Industrial real estate includes any land and buildings that support or enable research, production, warehousing, storage, and distribution of goods. The types of buildings include warehouses, storage facilities, factories, distribution centers and data centers, among others. Almost every product in your household has, at some point, been a part of the complex process of research, development, production, warehousing, and shipping before it made its way to your home. Any real estate involved in that process is technically industrial real estate.
Industrial real estate often provides higher cash flows than other commercial real estate subcategories, as the potential for appreciation is often lower. They are usually built on cheaper and less desirable land outside of cities because of the large footprints of the buildings. Most industrial real estate is leased to a single tenant on a long-term lease and provides stable cash flow. The value of the building is usually tied to the amount of rent that can be charged.
The pandemic accelerated the growth of e-commerce, and with that, the value of warehouses, distribution centers and specialized storage facilities rose. Warehouses in particular saw rising demand - by some estimates, by 2025 the U.S. will need extra 330 million square feet of warehouse space just for online fulfillment. On the whole, industrial was one of the best performing sectors in real estate over the past few years.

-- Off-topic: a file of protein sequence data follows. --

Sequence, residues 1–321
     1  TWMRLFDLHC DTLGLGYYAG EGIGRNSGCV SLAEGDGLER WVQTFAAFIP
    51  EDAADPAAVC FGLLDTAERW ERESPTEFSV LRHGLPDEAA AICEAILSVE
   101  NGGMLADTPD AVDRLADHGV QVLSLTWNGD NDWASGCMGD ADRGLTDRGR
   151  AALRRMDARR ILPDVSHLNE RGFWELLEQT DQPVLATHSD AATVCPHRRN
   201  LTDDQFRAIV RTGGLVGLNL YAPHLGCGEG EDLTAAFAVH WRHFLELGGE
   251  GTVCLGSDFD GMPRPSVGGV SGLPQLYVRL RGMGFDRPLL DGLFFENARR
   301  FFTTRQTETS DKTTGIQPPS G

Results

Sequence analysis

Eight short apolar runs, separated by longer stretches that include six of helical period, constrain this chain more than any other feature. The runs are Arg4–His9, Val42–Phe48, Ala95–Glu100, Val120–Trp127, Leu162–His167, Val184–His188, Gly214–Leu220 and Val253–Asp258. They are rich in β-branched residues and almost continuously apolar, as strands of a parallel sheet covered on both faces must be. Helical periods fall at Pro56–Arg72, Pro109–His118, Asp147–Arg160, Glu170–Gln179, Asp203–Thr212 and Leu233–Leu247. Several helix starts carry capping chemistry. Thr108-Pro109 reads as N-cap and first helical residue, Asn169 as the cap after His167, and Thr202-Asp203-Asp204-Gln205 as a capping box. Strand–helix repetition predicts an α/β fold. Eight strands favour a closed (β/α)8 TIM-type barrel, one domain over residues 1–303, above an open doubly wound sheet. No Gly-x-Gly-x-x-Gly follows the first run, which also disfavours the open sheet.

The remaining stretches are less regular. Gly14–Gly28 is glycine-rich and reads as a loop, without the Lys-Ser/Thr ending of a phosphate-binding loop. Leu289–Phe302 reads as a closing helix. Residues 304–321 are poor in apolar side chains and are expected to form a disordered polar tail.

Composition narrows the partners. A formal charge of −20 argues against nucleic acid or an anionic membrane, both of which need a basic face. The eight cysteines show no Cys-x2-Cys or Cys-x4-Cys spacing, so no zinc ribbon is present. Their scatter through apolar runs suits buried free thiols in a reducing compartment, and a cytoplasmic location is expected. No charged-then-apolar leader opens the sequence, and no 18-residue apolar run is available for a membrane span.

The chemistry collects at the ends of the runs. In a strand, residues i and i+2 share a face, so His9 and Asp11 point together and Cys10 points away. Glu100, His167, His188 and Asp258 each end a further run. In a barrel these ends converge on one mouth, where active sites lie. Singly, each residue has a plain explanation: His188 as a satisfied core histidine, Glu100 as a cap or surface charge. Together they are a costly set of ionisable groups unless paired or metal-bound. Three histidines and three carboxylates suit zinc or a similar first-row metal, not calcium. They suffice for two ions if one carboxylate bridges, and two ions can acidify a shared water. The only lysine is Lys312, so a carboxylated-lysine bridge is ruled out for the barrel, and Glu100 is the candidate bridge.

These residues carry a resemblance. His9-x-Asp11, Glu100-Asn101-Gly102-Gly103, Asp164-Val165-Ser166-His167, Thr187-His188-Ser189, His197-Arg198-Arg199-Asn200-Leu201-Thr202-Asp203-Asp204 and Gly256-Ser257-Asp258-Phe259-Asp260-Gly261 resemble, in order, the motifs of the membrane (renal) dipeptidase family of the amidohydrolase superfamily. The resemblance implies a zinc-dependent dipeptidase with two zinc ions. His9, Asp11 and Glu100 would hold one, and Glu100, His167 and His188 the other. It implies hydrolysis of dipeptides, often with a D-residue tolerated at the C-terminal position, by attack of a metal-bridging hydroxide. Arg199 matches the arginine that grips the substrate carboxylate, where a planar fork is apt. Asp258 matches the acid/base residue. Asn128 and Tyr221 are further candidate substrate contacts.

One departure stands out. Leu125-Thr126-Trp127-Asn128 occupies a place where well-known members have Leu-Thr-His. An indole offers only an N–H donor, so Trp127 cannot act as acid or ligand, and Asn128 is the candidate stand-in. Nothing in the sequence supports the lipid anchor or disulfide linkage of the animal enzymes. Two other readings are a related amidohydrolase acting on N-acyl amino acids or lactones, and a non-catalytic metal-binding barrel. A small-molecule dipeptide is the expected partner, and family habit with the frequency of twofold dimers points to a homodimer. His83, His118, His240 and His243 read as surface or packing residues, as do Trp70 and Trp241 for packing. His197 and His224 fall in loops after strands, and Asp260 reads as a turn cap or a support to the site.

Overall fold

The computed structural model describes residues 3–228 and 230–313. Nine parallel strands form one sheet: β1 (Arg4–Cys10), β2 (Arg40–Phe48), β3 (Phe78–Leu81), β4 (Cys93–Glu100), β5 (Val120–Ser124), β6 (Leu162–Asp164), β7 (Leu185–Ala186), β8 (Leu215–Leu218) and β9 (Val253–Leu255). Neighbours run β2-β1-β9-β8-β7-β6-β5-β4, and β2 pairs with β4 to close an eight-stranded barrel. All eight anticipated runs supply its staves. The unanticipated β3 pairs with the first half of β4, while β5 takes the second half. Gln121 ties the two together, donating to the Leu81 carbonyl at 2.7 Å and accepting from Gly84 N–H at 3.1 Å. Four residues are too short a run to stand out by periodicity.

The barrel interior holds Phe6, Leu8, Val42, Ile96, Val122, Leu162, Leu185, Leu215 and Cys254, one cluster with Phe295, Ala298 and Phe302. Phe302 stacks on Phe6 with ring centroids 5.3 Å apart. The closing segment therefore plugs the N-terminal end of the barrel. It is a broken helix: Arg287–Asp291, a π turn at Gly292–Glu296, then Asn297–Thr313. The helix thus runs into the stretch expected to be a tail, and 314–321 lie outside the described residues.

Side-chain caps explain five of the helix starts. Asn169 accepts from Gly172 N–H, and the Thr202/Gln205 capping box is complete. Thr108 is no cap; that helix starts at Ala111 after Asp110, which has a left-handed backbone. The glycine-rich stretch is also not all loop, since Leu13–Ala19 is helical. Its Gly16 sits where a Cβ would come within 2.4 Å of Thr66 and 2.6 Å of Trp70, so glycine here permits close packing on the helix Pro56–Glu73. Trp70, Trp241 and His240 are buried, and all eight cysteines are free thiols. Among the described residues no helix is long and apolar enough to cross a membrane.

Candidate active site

This category includes hotels, resorts, wellness centers, golf courses and amusement parks. Many of these have struggled during the pandemic and while travel and tourism has increased, it may take years for hotels and resorts to recover to pre-pandemic levels. This is a category that is generally still not too accessible to fractional or crowdfunding investors and is usually the purview of large corporations or developers.
Commercial multifamily properties are those with 5 or more apartments or mixed-use buildings with both residential and commercial units. Though they are considered commercial real estate, they have more in common with residential real estate than the rest of the categories here. As such, they were discussed at length in the residential real estate investing guide. They tended to perform better than other types of commercial real estate during the pandemic, thanks in part to the stimulus checks helping people stay current on their rent. Additionally, the rise of remote work actually benefited upscale residential properties, as people are now spending more time at home and want nicer surroundings.
Investing in commercial real estate is a longer-term play that usually does not offer much opportunity for liquidity. It is best suited for patient investors who can afford to tie up capital and potentially sacrifice short-term gains for longer-term returns. Traditionally, in order to invest in any kind of commercial real estate, an investor needs to have capital for the down payment or be a part of a real estate syndication. That can often be a high barrier to entry, but with Vincent, investors can get access to many different types of commercial real estate investments at a significantly lower entry price.